An Occasion in Maine
To the Editor:
Waking up this morning to the news of murdered Dallas police, ambushed at a peaceful protest of police killing of black men earlier in the week, I was depressed. Hostility and gun violence seem to be escalating out of control. It brought to mind, however, a happier occasion.
Some 15 years ago, urged by the head of Philadelphia’s Metropolitan Christian Council, several members of the Swarthmore Presbyterian Church participated in a mentoring program in Chester. We spent time each week with teen-age youth. The effort was organized in concert with an unaligned Protestant church, whose youth program was led by “Pastor Dave.” After a few months, some of us invited groups of the youth to visit us at our summer vacation homes.
So, mid-July, 10 African-American youth and three of their leaders came to Maine. Driving a rented large white van, they set out to spend 2 nights and 3 days in Boothbay Harbor at our log cabin. Overlooking Linekin Bay, the ‘20s era structure had lots of built in spaces/furniture. Somehow, all 14 of us found places to sleep. The two women leaders slept on twin bed-size sofas, one indoors and one outdoors. Five boys slept in the bunk bedroom; five girls shared two bedrooms. Pastor Dave (a gruff pro-football sized fellow) and I slept together in the fourth bedroom on a queen bed. He irreverently remarked, “This is the first time I have slept with a man — and it has to be a white one!”
The days went by quickly. Our group did a lot of eating, talking and playing together. Some had sailing experiences on our boat, “Logos.” The young people spent lots of time at the beach and playing games around the cabin. Those who were not able to swim walked to a float at low tide. Only one of the youths had been further afield than Delaware; to them, Maine was as foreign as England or Australia or New York City.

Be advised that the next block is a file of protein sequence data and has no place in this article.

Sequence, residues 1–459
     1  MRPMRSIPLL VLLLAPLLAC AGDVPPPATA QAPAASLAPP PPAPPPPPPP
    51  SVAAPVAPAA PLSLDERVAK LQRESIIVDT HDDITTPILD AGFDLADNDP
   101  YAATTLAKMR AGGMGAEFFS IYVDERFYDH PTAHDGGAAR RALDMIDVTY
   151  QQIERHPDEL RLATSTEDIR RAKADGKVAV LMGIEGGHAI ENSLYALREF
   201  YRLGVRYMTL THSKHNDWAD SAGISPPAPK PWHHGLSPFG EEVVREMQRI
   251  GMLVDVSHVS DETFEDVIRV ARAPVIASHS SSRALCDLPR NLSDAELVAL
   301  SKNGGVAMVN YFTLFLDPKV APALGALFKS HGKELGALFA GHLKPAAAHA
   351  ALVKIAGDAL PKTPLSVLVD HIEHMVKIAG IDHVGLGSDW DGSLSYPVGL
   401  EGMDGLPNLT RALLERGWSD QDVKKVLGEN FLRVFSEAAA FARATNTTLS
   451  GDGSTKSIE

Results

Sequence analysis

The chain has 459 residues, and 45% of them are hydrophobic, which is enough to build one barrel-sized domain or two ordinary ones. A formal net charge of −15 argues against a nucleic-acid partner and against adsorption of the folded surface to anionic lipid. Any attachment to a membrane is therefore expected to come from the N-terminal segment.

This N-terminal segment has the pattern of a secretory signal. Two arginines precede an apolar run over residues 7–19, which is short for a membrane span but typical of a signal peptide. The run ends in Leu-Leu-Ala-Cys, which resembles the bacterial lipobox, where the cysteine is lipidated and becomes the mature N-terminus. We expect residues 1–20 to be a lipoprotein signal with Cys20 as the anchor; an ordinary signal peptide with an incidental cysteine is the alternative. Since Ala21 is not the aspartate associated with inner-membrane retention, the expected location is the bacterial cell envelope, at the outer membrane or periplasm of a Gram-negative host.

After three days of fun, the group left Maine before midnight to get back to Chester by 7 a.m. the next day. The van was loaded with luggage, 10 teens and three adults. I waved goodbye from the doorway, and turning back into the kitchen, I noticed the cooler chests, carefully loaded with food and beverages for the trip, and left behind.
It was too late to call after them, and I hadn’t gotten anyone’s cell phone number. So I did the first thing that seemed helpful: I called the local police dispatcher and explained that a large white van with 13 black folks had just left my house having forgotten crucial items. Could someone intercept the van as it left Boothbay Harbor and tell them? “We’ll try,” was the reply.
Twenty minutes later the van came rumbling down the hill into our parking lot. The exuberance expressed at the group’s initial departure had given way to solemnity. Our guests thanked me for the reminder and loaded up the coolers. Just before restarting the journey back to Pennsylvania, one of the women leaders explained, “When the cop pulled us over with lights flashing I was sure we were off to jail. Everyone was scared or crying as the policeman walked up to the van.” Then she said, “My God, what nice police you’ve got here — all that just to help us get our food. Now that police stop is my best memory of our trip.”
My trust in calling the local police dispatcher as a solution seems naïve now. My assumption of the police’s immediate helpfulness to a van of African-Americans traveling late at night and far from home seems way out of line with the realities of their world, where the prevalence of crime and violence can raise intolerable tensions between communities and the police who serve them. I remain hopeful, however, that such positive exchanges of police with black citizens might yet become unexceptional in America.
Ray Hopkins, July 8, 2016
Professor Emeritus Swarthmore College
SRA not ‘wilfully negligent’
To the Editor:
As a lifelong Swarthmore resident and the current Commissioner of the Cris Hansen Memorial Horseshoe Tournament, I feel a need to say that I have never seen SRA show willful negligence about anything. SRA is the organization that holds our community together!
Additionally, as Commissioner of the tournament, I personally cleaned up the trash in the park (dirty diapers and all) both before and after the tournament, and took care to protect the Pop Up Art.
This tournament is a community event which brings more people to Little Crum Creek Park on July 4th than the entire rest of the year combined.
I am distressed about how disrespectfully I was treated by Mr. Bouvette on the day of the tournament. If there are truly concerns, I would think that a community-oriented, productive, and respectful discussion would be more beneficial to all involved rather than bullying in a public forum.